Blue Views--remember to click photos to enlarge them...in some cases, it is well worth it.

Sunday, June 13, 2010

After Dark November 1978

Well After Dark graced the cover of their November 1978 issue with one of the hottest young talents around back then. When I say hottest, I mean hottest. If you missed my Monday's Man post featuring Joseph Bottoms, take a look and you'll see what I mean. Kenn Duncan photographed this cover photo and the the other shots from this issue that I used in that Monday's Man post. I'm still trying to decide if I like Joseph with his hair slicked back or feathered. Either way, he couldn't go wrong.

In William Como's editorial, he mentions his recent trip to Palma with publisher Jean Gordon. While they were there, they ran into one of their contributing writers/editors Robert Pavlik and photographer Jack Mitchell. Well, Jack is not one to miss a photo opportunity and took a picture of Bill, Jean and Bob.

Mr. Como also found a new style of music called athletic rock. Mrozinski had a recent concert at the Hurrah rock club and performed his own material. In Bill's words, "...he sweats a lot."

The International Ballet of Caracas was about to lose their principal dancer. Dale Talley was being considered for the lead in the Berlin Opera Ballet's The Idiot. I wouldn't consider him for The Idiot, I would, however, consider him for something else.

A letter writer suggested featuring John Corvello, so After Dark obliged, but also stated that their January 1979 issue would have a feature on physical fitness. I'll have to go back and look at that issue to see if John is there. Of course, you know I'll post that one soon.

Another writer mentioned a new show called Sam and it's hunky star. It was a cop and dog partner series. Who was the hunky star? Mark Harmon!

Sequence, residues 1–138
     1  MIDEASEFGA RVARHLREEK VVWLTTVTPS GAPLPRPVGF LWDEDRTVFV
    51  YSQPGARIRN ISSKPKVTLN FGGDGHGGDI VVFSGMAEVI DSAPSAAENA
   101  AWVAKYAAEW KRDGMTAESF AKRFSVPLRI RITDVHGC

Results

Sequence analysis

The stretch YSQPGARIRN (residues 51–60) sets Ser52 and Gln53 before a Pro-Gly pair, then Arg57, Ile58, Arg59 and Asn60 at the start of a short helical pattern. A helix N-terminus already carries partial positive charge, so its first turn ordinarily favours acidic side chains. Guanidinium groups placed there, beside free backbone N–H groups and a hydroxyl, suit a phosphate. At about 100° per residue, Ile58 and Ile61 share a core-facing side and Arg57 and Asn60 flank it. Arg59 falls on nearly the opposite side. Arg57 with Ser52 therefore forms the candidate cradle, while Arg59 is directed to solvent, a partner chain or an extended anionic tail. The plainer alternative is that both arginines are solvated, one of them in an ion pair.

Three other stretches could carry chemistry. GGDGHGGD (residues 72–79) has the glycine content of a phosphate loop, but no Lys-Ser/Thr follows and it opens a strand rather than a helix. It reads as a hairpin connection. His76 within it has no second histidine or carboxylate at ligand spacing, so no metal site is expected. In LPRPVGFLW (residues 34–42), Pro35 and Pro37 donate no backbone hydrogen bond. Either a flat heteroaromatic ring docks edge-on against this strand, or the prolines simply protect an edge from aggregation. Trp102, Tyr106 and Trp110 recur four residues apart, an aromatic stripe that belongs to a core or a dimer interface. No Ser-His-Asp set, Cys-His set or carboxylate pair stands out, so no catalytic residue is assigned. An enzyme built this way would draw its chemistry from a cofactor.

The After Dark People section featured some new faces to look for. The first was San Francisco Ballet principal dancer Dennis Marshall.

Brian Nichols was featured in King of Hearts, a musical that was based on the film. The show opened on October 22.

In Praise of Older Women featured a young actor by the name of Tom Berenger. The issue misspelled his name as Beringer.

Death on the Nile had recently premiered a month or so before this issue hit the stands. One of its stars to be featured in the People section was Lois Chiles.

Anais Nin, the writer of the erotic Delta of Venus had a pen pal and friend from 1948 until her death in 1977. It was none other than James Leo Herlihy, author of Midnight Cowboy. In the photo of James is the portrait of Nin by Michel Seren.

"A Legendary Greek Plays a Greek Legend" was the name of the article by Patrick Pacheco featuring Melina Mercouri. The Topkapi actress was starring in A Dream of Passion that also starred Ellen Burstyn.

Sometime in the future, Louis Miele would take over as Editor-in-Chief from William Como. I know there are a couple of other people somewhere in there, but I'll have to work out the timeline another day. Back to the point...Louis Miele was Director of Advertising and Marketing at the time of this issue and he coordinated the following shot to promote boots. One woman with five guys in jock socks and boots. I don't know about you, but I think the models were getting a little too close together (especially the two guys on the right click on photos to see them larger). It's reasons like this photo, that I love After Dark!

Where was I? Oh yeah, we had Joseph Bottoms, a couple of dancers, Tom Berenger and now it's time for Ice Cream...I mean Ice Skating. John Curry won the gold medal at the 1976 Olympics and the 1976 World Championship. Now John was going to make his American debut with his Theatre on Ice.

The photos of Frances Farmer that were included with the article on the tragic actress showed me exactly why Jessica Lange would eventually be chosen to play Farmer. The resemblance is uncanny.

Paradise Alley was a new film from Sylvester Stallone and one of the new breed of brooding tough guy actors to emerge was Kevin Conway. He was being compared to James Cagney. Well, I guess, but whatever, okay. Why does someone always have to be the new someone else? Must there always be a comparison?

Speaking of Stallone-- an unnamed model in the Highlights section was sporting a fur from Brothers II in New York City. Who could it be?

There were a couple of other ads for men's furs throughout the issue. Which attracted my attention the most? The man in the business suit and fur for Brothers II?

The two guys in the ad for George Zessi where one of them is straining the crotch of his jeans?

Or the one for Robert Sidney Furs, Inc. with a naked guy in a fur with a bottle of wine and two glasses?